Posts Tagged ‘3d’

Nonviolent Solution for Syria?

Monday, April 9th, 2012

The ongoing Syrian onslaught spilled across two borders today as gun-toting combatants attacked refugees in Turkey and killed a journalist in Lebanon.

As a proponent of world peace and vocal advocate of non-violence, you may be wondering how a Peacenik like myself might address the atrocities taking place in Syria.

Here’s what I would do: (more…)

Solar Energy: Cheaper by the Day

Thursday, July 21st, 2011

San Antonio, Texas – When bids came in for a 50MW solar power plant, officials were so blown away by the attractive prices that they decided to scale the project up 8-fold to 400MW.


Why are San Antonio’s municipal affairs so exciting? Because it’s another sign that we’re on the verge of seeing renewable energy take over. No more fossil fuels for us. Green energy all the way, baby!

Now, when our world isn’t so dependent on fossil fuels, there will be one less reason to go to war. And we could certainly use less war in our world.

But affordable energy solutions, as transformative as they will be for us in developed nations, will have a far more profound effect on the world’s poorest.

The price will keep dropping and new developments will keep coming, so renewable energy solutions will be at the forefront of eradicating extreme poverty.

Similar to how much of the African continent skipped the whole phone-line infrastructure in lieu of cell phone towers, impoverished nations will be able to forgo a power grid to have households handle their own energy needs.

And with poverty being a root grievance that leads to violence, the less poverty we have in our world, the more peaceful our planet.

Awesome! =D

3D Printing circa 2011

Sunday, July 10th, 2011

Check out the fascinating tool highlighted in the above video. It’s called a 3D printer, and it will soon be a key component in the bid to eradicate extreme poverty.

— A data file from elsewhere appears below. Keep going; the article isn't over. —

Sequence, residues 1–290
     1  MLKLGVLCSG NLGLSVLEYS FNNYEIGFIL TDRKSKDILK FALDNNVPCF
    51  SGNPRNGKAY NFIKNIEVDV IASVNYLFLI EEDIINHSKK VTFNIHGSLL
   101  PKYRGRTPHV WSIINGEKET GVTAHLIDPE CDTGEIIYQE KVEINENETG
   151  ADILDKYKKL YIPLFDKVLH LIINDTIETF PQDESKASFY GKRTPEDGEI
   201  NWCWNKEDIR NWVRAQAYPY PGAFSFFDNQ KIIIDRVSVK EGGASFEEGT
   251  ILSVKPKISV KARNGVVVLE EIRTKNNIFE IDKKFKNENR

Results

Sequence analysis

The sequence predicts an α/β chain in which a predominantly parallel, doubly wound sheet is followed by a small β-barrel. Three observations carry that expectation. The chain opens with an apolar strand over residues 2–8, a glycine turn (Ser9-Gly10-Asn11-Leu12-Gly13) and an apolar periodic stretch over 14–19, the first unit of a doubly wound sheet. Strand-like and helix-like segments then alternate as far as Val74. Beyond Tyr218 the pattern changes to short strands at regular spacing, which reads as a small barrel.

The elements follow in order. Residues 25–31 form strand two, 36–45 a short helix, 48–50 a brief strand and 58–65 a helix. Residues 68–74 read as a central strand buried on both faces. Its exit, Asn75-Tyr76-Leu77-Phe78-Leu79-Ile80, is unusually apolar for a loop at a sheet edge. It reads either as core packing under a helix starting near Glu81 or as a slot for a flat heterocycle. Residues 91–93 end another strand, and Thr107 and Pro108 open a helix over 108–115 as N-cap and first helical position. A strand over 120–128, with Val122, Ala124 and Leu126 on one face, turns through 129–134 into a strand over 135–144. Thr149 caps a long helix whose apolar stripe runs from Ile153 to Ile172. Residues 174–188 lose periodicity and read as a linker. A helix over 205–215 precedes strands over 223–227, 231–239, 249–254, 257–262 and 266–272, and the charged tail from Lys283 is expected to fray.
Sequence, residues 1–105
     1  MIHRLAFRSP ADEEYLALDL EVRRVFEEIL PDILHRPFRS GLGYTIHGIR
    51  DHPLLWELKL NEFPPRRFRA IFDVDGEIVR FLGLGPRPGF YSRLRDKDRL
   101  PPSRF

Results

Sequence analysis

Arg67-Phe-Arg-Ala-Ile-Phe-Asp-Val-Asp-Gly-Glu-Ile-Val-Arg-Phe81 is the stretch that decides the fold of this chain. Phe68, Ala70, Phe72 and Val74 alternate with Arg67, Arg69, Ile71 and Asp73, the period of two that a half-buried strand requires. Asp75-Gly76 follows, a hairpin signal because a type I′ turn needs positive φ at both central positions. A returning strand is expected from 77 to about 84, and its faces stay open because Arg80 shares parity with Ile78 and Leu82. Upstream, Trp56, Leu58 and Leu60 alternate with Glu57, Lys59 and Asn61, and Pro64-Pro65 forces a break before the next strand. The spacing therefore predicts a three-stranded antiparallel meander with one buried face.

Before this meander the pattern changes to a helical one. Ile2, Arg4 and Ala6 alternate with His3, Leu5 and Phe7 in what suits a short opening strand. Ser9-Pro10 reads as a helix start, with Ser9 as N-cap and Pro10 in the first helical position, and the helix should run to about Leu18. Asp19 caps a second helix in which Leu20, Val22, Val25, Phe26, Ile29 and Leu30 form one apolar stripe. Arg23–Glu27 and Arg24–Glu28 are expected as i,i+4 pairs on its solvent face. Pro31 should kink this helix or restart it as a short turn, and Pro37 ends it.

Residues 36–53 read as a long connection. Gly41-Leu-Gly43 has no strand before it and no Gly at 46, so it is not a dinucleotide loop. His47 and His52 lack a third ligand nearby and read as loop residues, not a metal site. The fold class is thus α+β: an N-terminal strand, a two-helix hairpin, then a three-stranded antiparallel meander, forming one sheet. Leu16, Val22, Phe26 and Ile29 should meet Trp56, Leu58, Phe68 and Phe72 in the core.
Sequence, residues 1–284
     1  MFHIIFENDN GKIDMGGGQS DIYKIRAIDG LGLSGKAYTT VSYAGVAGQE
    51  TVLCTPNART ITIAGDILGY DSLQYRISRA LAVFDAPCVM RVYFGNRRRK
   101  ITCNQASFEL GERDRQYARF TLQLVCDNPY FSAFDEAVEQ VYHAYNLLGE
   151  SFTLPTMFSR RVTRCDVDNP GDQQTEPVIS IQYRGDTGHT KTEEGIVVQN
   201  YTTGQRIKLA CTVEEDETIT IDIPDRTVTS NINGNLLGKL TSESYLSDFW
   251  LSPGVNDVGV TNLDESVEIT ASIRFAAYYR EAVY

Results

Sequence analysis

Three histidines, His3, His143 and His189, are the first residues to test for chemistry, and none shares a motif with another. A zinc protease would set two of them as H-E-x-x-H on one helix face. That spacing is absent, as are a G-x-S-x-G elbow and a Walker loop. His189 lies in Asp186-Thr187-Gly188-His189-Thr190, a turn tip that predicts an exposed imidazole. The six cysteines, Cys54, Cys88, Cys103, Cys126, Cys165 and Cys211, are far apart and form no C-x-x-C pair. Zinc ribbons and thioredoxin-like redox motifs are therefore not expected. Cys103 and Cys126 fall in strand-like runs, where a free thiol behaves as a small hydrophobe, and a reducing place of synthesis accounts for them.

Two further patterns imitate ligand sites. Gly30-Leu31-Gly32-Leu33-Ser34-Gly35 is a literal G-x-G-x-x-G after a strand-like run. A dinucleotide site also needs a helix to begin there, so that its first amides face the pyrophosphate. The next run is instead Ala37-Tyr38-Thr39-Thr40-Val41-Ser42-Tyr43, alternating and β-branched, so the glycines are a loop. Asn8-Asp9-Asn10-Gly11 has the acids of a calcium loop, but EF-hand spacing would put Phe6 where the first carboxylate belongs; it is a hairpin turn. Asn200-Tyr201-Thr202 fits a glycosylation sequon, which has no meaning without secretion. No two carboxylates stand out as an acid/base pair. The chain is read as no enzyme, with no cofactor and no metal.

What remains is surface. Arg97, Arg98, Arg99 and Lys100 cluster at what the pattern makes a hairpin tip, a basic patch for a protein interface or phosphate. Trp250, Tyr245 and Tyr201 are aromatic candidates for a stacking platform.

A single unit alone could be a game changer for anyone who needs tools, and that’s just where the technology is today.

Eventually, say within 10 years, these devices will be capable of producing complex machinery and electronics, like computers, solar panels or even parts to build another 3D printer!

Just imagine what could be built for people in developing nations: irrigation pumps for farmers, net-ready devices for students, parts for a wind-generator.

With a 3D printer, pretty much anything you can dream up, you can make. And if that thought doesn’t fill you with optimism, then perhaps you’re not trying hard enough. =D

Video – 3D Printers

Wednesday, April 20th, 2011

One single tool, and we’ll end global poverty forever. Just one incredible machine will help us easily meet the basic needs of every single human.

This amazing device? A 3-D printer.

If you haven’t heard of 3-d printers before, they’re technological marvels that can take in raw materials (like metal and plastic) and build actual 3-dimensional objects. Sounds a bit like star trek, right?

Well, these things already exist! For about a thousand dollars, you can assemble your own from a kit. and make objects out of plastic. But today we have some high end models that can make things out of metals, like titanium.

At the rate we’re progressing, perhaps within a decade, 3-D printers will produce any tool we need: machines, solar panels, computers, you-name-it, anything we want, designed from blueprints we share online and constructed out of two of the most abundant elements on earth – silicon and carbon.

Now, if you consider how 3-D printers can be used to make even more 3-D printers, well, the implications are staggering. With a way to create and power any tool we need, we’ll be able to shift away from today’s centralized system of dependence, to a distributed system of self-reliance where we manufacture goods, grow food and generate energy all on the local scales.

3-d printers are set to make our world one of abundance and equality, which will be awesome. When we are no longer starving or living in squalor, we’ll find it easier to co-exist without murdering each other, at least not on industrial scales like we do with wars today, which may be about as much world peace as we humans can hope for.

So there you have it. Another great reason to be optimistic for the future.